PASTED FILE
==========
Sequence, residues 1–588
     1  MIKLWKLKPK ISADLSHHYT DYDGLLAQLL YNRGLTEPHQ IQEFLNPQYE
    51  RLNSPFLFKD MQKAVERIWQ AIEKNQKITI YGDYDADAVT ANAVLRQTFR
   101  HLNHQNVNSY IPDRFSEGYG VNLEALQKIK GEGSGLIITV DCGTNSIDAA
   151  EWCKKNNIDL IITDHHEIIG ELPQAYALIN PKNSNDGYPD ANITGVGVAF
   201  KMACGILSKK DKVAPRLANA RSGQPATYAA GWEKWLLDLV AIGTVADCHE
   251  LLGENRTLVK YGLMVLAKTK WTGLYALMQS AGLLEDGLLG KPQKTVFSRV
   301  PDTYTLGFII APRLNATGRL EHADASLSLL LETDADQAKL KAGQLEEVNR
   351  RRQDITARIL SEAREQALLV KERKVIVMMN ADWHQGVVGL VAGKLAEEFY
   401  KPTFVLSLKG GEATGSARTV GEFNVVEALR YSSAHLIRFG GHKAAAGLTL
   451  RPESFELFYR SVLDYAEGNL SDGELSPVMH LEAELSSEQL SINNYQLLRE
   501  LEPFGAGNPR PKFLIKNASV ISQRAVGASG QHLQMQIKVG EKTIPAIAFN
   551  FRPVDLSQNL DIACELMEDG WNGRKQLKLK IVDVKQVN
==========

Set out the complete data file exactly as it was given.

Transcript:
Sequence, residues 1–588
     1  MIKLWKLKPK ISADLSHHYT DYDGLLAQLL YNRGLTEPHQ IQEFLNPQYE
    51  RLNSPFLFKD MQKAVERIWQ AIEKNQKITI YGDYDADAVT ANAVLRQTFR
   101  HLNHQNVNSY IPDRFSEGYG VNLEALQKIK GEGSGLIITV DCGTNSIDAA
   151  EWCKKNNIDL IITDHHEIIG ELPQAYALIN PKNSNDGYPD ANITGVGVAF
   201  KMACGILSKK DKVAPRLANA RSGQPATYAA GWEKWLLDLV AIGTVADCHE
   251  LLGENRTLVK YGLMVLAKTK WTGLYALMQS AGLLEDGLLG KPQKTVFSRV
   301  PDTYTLGFII APRLNATGRL EHADASLSLL LETDADQAKL KAGQLEEVNR
   351  RRQDITARIL SEAREQALLV KERKVIVMMN ADWHQGVVGL VAGKLAEEFY
   401  KPTFVLSLKG GEATGSARTV GEFNVVEALR YSSAHLIRFG GHKAAAGLTL
   451  RPESFELFYR SVLDYAEGNL SDGELSPVMH LEAELSSEQL SINNYQLLRE
   501  LEPFGAGNPR PKFLIKNASV ISQRAVGASG QHLQMQIKVG EKTIPAIAFN
   551  FRPVDLSQNL DIACELMEDG WNGRKQLKLK IVDVKQVN